The International Monetary Fund (IMF) has released the Financial Sector Stability Assessment of the Virgin Islands, summarising the thorough IMF review of the regulatory regime in the British Virgin Islands conducted in mid-April 2010. The Fund stated that the BVI enjoys a high standard of living when compared to other countries in the region, and recognized the strength of the regulatory regime in the Territory.

According to the report, the recent global financial crisis has not affected the health of BVI financial institutions, but it has caused growth of financial services to slow down, since the core business is company registration rather than asset management or banking. The report stated that the regulatory framework for both onshore and offshore financial services is clear and comprehensive, and the Financial Service Commission has demonstrated its strength and independence as a regulator.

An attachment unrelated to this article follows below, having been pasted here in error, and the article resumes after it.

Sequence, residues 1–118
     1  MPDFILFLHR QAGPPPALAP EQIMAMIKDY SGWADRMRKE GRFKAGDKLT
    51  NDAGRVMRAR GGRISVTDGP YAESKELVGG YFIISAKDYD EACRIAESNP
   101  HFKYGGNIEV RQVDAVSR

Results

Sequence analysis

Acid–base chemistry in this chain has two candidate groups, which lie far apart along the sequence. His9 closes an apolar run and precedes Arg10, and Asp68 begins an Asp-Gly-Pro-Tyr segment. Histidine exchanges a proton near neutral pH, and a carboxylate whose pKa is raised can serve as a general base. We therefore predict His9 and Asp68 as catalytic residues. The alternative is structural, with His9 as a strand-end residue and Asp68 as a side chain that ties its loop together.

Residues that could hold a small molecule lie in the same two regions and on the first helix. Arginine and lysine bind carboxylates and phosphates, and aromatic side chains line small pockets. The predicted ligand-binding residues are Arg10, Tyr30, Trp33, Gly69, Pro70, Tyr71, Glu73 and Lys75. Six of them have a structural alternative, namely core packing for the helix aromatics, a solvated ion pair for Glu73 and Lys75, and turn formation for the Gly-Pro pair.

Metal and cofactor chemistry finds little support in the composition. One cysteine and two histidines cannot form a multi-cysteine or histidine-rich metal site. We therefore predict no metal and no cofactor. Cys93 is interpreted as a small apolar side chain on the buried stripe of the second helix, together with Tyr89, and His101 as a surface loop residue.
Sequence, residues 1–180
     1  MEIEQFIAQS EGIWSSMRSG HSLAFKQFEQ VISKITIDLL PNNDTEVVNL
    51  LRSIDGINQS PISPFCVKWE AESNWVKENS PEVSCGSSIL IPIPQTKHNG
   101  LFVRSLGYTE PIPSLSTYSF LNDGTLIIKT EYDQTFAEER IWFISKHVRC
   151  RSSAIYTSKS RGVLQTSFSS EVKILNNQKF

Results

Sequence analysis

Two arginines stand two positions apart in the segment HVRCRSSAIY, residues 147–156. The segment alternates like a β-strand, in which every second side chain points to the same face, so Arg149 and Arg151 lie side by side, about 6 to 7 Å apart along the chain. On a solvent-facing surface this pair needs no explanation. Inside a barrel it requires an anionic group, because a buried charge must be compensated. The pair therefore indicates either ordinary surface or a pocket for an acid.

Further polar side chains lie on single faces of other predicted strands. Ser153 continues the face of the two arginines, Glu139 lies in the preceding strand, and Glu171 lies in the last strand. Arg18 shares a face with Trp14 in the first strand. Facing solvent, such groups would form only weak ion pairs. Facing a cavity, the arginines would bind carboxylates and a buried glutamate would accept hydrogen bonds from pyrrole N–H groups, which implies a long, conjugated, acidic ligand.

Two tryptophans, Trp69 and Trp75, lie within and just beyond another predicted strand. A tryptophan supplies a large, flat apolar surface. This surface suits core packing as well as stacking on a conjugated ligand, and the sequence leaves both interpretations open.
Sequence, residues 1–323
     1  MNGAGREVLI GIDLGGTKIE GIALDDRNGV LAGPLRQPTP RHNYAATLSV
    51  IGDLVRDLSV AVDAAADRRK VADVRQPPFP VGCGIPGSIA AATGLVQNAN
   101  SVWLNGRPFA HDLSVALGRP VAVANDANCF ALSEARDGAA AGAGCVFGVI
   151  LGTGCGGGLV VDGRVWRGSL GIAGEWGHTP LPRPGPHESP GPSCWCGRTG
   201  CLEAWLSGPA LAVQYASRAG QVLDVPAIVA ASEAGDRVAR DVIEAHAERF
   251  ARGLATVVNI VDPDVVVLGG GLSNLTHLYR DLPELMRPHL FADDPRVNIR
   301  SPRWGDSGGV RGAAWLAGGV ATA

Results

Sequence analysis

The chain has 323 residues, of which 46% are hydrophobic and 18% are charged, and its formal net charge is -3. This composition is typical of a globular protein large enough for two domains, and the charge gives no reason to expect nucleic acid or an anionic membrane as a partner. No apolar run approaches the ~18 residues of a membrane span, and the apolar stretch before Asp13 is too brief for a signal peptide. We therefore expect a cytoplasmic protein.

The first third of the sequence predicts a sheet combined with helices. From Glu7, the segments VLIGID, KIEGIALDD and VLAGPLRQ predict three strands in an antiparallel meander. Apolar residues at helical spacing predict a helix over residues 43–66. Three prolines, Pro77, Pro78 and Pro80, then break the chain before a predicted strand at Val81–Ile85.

‘GDP is estimated at $1.095 billion or $38,818 per capita (with a population of about 24,000). Unemployment remains low at 3 percent to 4 percent. The workforce is dominated by expatriate labor (65 percent of the total workforce, with expatriates filling an estimated 80 percent of financial services jobs),’ the report stated.

The IMF report noted that the BVI’s continued ability to attract business relies on its being viewed internationally as a well regulated and policed jurisdiction with a strong legal framework and efficient corporate services. Because reputation plays such a critical role to the financial services sector in the Territory, the report noted that the authorities are keenly attuned to this risk and have in place a sound system of surveillance and enforcement to combat risk.